Against the Continuing Assaults on Idlib and on Kurds in Northeastern Syria

Statement by the Alliance of Middle Eastern and North African Socialists in support of the sovereignty from below of the Syrian popular classes struggling for democracy, social justice, and equality

Oppose Continuing Assaults on Idlib and on Kurds in Northeastern Syria
by the Alliance of Middle Eastern and North African Socialists
22 August 2019 (original post)

We, the Alliance of Middle Eastern and North African Socialists, oppose the military attacks on the Idlib region and northern Hama as well as threats and assaults against the northeastern regions of Syria. We support all the innocent civilians in Syria.

Solidarity with Idlib against the attacks by Assad’s regime forces and its Russian ally

After months of attacks by the Assad regime and Russian airstrikes on the Idlib region and northern Hama, the Syrian regime’s forces recaptured Khan Sheikhoun, a town in southern Idlib province, and now nearly totally abandoned as residents emptied out the town and fled to areas further north. The town is of strategic importance as it is situated on what was once a vital commercial highway connecting the large northern city of Aleppo to the capital of Damascus. The town is also symbolically significant. Khan Sheikhoun captured headlines in April 2017 when a sarin gas attack by the regime killed some ninety people, including children.

Since the end of April 2019, around 880 civilians have been killed, mostly as a result of the relentless campaign of airstrikes by the Syrian regime and its Russian ally. More than 500,000 people have also been forced to flee their homes, heading to displacement camps where there is no adequate food, water, medicine, or even shelter according to the UN, which warns of a humanitarian “disaster.”

With the nearby Turkish border closed to refugees, many of the displaced are now living in olive groves and sheltering beneath trees. At the same time, At least 47 medical facilities have been bombed and 30 aid workers have been killed.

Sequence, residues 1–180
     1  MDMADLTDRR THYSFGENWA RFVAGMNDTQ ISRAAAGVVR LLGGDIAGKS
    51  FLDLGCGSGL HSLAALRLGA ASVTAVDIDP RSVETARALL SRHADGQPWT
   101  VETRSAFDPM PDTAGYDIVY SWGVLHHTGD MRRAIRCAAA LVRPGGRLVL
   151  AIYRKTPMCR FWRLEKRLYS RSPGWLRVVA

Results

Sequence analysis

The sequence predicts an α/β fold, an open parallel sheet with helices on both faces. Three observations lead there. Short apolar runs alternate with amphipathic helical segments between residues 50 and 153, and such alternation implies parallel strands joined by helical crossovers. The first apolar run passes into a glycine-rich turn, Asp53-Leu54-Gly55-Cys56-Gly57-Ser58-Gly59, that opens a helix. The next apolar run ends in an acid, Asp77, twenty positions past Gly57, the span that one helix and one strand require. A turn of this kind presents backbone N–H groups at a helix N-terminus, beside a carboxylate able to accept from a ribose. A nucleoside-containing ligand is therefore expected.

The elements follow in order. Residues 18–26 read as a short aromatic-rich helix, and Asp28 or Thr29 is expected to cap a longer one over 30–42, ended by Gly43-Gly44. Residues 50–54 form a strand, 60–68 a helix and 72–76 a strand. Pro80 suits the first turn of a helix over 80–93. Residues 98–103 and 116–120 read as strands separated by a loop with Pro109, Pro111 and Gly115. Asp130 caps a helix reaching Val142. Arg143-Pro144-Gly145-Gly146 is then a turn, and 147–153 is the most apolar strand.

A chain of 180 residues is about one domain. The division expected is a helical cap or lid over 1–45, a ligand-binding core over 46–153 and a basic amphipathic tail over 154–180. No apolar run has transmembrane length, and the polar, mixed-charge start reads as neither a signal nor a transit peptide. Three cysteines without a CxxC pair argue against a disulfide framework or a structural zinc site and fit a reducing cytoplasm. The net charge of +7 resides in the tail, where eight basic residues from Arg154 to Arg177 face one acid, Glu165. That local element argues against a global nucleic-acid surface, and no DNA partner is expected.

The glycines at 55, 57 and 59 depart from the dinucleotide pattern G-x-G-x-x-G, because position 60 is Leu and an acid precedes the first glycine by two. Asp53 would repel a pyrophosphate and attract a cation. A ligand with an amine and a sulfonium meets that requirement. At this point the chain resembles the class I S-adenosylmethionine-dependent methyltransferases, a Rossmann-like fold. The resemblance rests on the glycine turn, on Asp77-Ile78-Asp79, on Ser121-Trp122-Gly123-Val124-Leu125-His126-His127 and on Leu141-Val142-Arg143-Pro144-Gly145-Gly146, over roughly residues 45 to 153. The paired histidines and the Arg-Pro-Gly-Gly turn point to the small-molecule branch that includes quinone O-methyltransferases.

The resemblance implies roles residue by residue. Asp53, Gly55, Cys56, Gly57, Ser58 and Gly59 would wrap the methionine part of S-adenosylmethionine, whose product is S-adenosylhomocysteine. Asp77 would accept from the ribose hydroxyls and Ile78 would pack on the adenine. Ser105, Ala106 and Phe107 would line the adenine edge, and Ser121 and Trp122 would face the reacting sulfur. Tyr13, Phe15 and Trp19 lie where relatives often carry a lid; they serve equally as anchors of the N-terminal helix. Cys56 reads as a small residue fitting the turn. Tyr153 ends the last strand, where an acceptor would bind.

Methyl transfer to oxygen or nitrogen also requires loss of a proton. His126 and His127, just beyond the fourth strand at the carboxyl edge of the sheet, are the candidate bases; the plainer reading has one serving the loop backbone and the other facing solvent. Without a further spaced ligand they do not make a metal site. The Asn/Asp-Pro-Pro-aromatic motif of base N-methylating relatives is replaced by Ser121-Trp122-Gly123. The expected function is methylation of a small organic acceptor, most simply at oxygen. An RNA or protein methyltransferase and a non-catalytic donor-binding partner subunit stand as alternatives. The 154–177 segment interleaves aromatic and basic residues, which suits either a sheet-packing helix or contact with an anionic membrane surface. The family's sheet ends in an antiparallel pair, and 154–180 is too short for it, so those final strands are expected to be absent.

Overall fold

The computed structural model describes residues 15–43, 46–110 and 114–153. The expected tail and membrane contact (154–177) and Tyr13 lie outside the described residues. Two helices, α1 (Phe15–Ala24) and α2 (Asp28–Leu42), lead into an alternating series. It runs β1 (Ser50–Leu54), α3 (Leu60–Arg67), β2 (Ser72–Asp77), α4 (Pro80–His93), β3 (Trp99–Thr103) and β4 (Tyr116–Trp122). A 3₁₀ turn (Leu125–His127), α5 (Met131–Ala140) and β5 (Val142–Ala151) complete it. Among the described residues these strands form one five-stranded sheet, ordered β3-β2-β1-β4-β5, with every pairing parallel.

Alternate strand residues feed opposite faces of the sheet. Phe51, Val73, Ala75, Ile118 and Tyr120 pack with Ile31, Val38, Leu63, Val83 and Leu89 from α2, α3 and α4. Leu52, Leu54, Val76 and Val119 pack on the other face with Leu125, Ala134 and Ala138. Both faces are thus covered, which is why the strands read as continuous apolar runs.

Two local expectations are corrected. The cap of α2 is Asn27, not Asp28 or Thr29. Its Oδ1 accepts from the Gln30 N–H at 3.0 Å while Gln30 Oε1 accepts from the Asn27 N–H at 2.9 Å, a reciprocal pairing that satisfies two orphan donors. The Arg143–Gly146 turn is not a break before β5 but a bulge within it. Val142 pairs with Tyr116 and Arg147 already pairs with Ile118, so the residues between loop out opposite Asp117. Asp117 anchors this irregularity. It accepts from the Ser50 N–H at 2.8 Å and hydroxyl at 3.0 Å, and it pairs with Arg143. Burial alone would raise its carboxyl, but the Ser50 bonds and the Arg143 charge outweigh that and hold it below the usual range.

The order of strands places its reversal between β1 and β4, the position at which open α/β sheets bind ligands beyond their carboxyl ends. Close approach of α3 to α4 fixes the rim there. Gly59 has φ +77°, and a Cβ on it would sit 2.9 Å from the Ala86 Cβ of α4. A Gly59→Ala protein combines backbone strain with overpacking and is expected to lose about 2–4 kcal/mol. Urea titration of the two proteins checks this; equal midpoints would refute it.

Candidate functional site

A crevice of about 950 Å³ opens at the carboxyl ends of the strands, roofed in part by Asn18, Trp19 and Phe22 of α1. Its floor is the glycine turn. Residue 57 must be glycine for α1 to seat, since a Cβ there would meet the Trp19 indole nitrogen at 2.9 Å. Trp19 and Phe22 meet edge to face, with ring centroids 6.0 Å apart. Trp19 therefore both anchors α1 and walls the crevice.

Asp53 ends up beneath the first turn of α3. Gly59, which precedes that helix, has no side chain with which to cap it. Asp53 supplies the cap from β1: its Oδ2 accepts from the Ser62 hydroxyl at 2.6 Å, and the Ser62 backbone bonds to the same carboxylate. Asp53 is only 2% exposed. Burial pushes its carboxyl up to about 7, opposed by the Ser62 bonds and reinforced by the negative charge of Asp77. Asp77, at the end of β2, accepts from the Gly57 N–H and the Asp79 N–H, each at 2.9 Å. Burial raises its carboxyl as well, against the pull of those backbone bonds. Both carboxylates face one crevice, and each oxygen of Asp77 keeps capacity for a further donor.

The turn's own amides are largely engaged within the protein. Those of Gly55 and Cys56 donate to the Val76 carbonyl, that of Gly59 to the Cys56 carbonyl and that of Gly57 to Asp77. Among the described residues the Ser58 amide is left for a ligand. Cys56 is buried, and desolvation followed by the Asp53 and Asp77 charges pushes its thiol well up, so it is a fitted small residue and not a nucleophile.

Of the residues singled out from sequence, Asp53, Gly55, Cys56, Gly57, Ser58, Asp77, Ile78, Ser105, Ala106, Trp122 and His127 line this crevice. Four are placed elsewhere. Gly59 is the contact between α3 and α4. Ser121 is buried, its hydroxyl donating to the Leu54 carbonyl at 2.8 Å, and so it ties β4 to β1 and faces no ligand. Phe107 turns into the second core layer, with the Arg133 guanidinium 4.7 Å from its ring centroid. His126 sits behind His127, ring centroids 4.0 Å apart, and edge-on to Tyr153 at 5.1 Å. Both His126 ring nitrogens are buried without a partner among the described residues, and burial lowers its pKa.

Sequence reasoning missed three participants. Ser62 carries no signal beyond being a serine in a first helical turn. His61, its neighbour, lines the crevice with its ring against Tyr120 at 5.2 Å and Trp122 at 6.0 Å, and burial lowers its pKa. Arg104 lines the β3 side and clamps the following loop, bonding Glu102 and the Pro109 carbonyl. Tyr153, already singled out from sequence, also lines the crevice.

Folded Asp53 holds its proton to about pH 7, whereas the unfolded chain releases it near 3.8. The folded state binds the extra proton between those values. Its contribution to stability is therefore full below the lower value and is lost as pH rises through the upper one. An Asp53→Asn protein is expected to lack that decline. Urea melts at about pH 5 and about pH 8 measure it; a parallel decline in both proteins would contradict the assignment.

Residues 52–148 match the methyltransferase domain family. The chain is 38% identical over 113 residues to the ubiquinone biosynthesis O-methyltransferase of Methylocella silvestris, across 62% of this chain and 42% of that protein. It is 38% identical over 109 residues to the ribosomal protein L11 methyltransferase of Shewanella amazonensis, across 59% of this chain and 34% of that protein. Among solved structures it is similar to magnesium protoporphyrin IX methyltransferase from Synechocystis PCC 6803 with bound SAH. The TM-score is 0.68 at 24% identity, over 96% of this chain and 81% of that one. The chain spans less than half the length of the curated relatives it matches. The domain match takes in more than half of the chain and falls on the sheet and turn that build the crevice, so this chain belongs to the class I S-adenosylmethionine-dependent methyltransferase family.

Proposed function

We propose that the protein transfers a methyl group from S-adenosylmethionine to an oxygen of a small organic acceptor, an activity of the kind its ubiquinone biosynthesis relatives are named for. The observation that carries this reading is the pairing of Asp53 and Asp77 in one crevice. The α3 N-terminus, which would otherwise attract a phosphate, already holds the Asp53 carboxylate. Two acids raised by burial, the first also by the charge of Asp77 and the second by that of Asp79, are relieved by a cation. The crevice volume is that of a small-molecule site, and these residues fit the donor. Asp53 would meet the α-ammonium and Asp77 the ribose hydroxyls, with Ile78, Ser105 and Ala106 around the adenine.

Idlib province, now home to around 3 million persons — of whom 1.5 million are internally displaced persons — is controlled mostly by the jihadist coalition Hayat Tahrir Sham (HTS, led by formally al-Qaeda-linked Jabhat al-Nusra), which has imposed its own institutions and violently repressed activist networks and civil society organizations.

While affirming opposition to the jihadist coalition of the HTS and other reactionary armed groups in Idlib, progressives are also opposing the shelling and military offensive by the regime and its foreign allies, Russia and Iran. We must stand in solidarity with civilians in Idlib against these military threats, which have already created a humanitarian catastrophe.

We reiterate also our support for the popular sovereignty from below of the Syrian popular classes against all actors, whether local or foreign, preventing them from deciding their own destiny and achieving the initial objectives of the uprising: democracy, social justice and equality.

Solidarity with the Northeastern regions against Turkish military threats

For months, the Turkish military has been threatening and assaulting the northeastern regions of Syria controlled by the Syrian Democratic Forces (SDF), which is led by the military wing of the Kurdish Democratic Union Party (PYD) and its People’s Protection Units (YPG). In mid-August 2019, the United States and Turkey concluded an agreement to establish a so called “safe zone” in northeast Syria. The details of the so-called safe zone are yet to be determined and will be implemented gradually, with some operations beginning soon.

Neither Ankara’s nor the United States’ “safe zone” dimensions were agreed on during the talks. Ankara is seeking much deeper control in Syrian territory than the US was ready to accept. To avoid a deadlock, both sides agreed to go ahead without sorting out the zone’s dimensions. Both Ankara and Washington prioritized the establishment of a joint operation center, and a coordination center in Ankara. These centers will eventually decide the access routes of Turkish units to the east of the Euphrates. In these locations, the US and Turkish observation posts will be constructed; the YPG will withdraw under supervision of the US military; and the YPG will hand over its heavy weapons, artillery, mortars, and multiple rocket launchers to US soldiers. The centers will also facilitate the coordination of the air space and security matters in town centers.